• Do you think FAA engineers are stupid. They would lose their jobs if they ask for something which is not needed, especially with the power Boeing had.

      • “Do you think FAA engineers are stupid. They would lose their jobs if they ask for something which is not needed, especially with the power Boeing had.”

        Where has it been documented that the FAA ever asked Boeing to include the MCAS System?

        • Of course the FAA can’t ask for McAss, they ask for a linear flight behaviour which is written in the regulations.

          If you allow exceptions from regulations it’s the same as government funding.
          Since the government allowed Boeing to self-certify this might be a subject for the WTO too, that would be a landslide.

          • Would that be like the same government funding for all the Airbus products?

    • I think Boeing wanted the MAX to have good characteristics that would meet the regulations. The NG also had those same characteristics. If both aircraft met the regulations, then it follows they would have similar handling. I don’t think Boeing’s goal with MCAS was to avoid pilot training.

      • Rob,

        What you wrote is gonna take a bit for me to unpack, so I’ll answer one statement at a time. Thanks for your patience.

        “1. I think Boeing wanted the MAX to have good characteristics that would meet the regulations.”

        Any aircraft which meets regulations by definition handles “Well Enough”.

        2. “If both aircraft met the regulations, then it follows they would have similar handling.”

        A lot of aircraft meet regulations, yet they do not necessarily have similar handling. If that were so, then the A220, the Embraer Aircraft, the A320, the 737NG etc. would all have similar handling – because they met the same regulations of which you speak. However, they all handle differently, but acceptably. The 737Max handling is the exception: it violently overwhelms the pilot and proceeds to do…very unappropriate things.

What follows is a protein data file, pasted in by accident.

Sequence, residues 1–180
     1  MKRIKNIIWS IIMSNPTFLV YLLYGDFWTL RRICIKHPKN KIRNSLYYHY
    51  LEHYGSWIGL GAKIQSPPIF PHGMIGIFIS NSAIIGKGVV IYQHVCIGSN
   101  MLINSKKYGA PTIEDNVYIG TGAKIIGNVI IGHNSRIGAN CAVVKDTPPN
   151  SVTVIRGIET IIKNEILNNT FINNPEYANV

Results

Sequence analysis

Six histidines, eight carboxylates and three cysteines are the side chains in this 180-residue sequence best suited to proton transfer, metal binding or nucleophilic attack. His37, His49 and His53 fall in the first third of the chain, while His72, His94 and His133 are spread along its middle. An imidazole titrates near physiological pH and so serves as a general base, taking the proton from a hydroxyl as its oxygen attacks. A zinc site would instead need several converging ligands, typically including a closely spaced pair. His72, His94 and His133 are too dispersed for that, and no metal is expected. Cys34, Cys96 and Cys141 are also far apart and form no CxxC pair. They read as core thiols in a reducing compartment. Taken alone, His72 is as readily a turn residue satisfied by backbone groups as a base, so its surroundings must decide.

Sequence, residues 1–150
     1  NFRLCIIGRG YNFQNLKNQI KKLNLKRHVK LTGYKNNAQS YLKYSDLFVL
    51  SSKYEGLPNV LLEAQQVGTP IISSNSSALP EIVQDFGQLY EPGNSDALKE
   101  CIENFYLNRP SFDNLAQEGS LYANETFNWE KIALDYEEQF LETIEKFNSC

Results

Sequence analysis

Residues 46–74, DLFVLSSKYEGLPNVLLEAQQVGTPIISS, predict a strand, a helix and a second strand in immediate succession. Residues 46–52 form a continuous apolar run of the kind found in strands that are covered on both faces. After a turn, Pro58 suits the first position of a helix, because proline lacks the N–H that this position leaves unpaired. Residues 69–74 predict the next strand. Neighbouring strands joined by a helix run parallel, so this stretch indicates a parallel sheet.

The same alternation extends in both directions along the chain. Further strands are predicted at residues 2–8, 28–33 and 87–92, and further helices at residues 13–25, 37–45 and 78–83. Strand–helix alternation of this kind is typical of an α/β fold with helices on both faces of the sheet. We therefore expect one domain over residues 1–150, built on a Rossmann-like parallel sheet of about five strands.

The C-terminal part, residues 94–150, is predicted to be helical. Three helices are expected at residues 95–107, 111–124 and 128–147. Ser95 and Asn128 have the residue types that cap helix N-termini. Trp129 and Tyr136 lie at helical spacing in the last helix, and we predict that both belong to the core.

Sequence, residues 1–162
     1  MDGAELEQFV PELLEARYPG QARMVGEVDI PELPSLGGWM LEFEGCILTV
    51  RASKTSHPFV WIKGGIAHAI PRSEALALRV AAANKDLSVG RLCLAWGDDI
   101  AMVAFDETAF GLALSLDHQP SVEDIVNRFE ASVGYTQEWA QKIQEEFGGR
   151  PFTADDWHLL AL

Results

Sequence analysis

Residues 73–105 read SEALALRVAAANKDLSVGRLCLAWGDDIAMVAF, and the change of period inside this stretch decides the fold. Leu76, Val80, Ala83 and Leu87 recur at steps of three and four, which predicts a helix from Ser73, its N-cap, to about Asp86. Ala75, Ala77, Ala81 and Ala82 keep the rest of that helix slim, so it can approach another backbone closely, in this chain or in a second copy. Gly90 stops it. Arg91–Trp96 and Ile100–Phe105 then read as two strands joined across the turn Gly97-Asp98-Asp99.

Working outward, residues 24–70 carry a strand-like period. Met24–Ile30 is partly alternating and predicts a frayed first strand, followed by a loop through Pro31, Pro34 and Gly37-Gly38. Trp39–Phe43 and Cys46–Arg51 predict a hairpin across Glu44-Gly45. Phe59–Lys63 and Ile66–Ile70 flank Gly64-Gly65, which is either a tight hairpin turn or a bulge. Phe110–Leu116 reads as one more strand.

3. ” I don’t think Boeing’s goal with MCAS was to avoid pilot training.”

        I think you may be right on this one. I don’t know. What I do know is that Boeing has several options to try to fix the problem, namely: (at least the ones I’ve thought of)

        A. Fix the MCAS Software
        B. Remove MCAS and fly without it.
        C. Develop new MCAS Computers, Sensors and Software
        D. Make an Aerodynamic fix on the plane itself.
        E. Develop a New Small Airplane
        F. Yoda

        Let’s talk about each.

        A. Fix the MCAS Software
        Probably not possible. I think if Boeing could have done it, then they would have done it by now.
        B. Remove MCAS and fly without it.
        Probably not possible. I think if Boeing could have done it, then they would have done it by now instead of continuing to accrue losses.
        C. Develop new MCAS Computers, Sensors and Software
        Maybe this is possible, and I’ve read that it may have to be done. But it will take a Looooong time to develop the System and Qualify it. Lots of money lost while this happens.